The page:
Scholarly Comments on Academic Economics

Re-examination of the Empirical Evidence Concerning Colonial New Jersey’s Paper Money, 1709–1775: A Comment on Farley Grubb


Read this article

Access statistics
1,934 article downloads
345 complete issue downloads
Total: 2,279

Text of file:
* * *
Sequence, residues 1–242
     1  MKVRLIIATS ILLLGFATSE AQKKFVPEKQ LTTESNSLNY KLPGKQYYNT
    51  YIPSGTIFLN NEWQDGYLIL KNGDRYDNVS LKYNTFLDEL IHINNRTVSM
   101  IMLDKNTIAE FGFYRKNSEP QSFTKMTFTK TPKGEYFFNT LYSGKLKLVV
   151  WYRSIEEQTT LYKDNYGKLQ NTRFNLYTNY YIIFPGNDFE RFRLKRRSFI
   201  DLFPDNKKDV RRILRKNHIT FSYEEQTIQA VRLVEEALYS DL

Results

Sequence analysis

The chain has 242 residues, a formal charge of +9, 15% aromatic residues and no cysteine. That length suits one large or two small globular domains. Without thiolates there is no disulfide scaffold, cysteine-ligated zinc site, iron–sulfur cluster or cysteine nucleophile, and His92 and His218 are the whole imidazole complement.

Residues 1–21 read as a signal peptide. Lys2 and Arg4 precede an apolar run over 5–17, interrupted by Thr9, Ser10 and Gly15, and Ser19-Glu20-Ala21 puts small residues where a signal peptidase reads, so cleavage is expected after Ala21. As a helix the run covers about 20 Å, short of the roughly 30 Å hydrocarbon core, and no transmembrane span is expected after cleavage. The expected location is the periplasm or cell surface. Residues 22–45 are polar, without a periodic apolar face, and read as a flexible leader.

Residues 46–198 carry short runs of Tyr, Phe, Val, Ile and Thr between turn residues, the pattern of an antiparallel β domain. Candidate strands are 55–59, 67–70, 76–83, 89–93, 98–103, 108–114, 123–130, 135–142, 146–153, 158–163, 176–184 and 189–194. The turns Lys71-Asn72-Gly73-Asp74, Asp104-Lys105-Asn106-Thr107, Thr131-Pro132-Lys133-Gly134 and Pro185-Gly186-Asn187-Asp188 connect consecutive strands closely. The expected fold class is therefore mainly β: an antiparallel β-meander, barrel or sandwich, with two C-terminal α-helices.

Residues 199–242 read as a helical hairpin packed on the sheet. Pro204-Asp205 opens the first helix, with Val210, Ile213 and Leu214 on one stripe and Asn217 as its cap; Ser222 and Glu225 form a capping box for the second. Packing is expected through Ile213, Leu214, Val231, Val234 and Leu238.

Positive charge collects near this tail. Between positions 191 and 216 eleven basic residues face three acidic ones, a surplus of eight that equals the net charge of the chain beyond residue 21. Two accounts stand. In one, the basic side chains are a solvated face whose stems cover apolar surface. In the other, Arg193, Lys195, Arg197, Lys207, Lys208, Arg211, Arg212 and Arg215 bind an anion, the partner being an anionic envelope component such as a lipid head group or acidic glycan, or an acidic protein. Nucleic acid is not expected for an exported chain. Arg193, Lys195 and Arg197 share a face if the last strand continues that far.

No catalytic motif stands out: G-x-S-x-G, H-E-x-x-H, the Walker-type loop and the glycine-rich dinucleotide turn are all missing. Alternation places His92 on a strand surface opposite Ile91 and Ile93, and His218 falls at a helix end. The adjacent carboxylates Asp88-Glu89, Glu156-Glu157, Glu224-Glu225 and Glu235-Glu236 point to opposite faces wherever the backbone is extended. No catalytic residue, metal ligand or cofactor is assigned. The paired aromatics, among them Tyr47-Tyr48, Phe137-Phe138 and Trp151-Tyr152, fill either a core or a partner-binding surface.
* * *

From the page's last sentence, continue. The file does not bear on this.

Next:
Farley Grubb’s recent paper in the Journal of Economic History on the monetary history of colonial New Jersey argues that colonial currencies were valued as “zero-coupon bonds” that “traded below face value due to time-discounting, not depreciation.” To support this thesis, Grubb presents econometric results that purport to establish a strong association between the market exchange value, MEV, of New Jersey’s paper money and its average present value, APV. His empirical results, however, are extremely fragile, the results achieved only by omitting variables that he includes elsewhere in analyzing the same data. Moreover, Grubb relies heavily on interpolated values for his dependent variable, which exaggerates the precision of his estimates; introduces bias, serial correlation, and heteroscedasticity; and invalidates his statistical tests. But there is also a fatal historiographical problem in interpreting historical sources concerning exchange rates. Based on a faulty premise, Grubb erroneously alters John McCusker’s 1741 and 1762 exchange rates, creating outliers in the data set, outliers that are crucial to Grubb’s empirical results. Once one corrects Grubb’s historiographical and econometric errors, the association between MEV and APV becomes negligible and statistically insignificant. The coefficient of APV, which should be approximately one under Grubb’s theory, is more than twelve standard deviations below one. Subsidiary results are spurious or irreproducible. Before treating the errors of Grubb’s article on colonial New Jersey, however, I motivate my persistent criticisms of Grubb’s research by establishing the importance of correcting the historical record and appreciating the grievances “submitted to a candid world” on a fateful day in July 1776.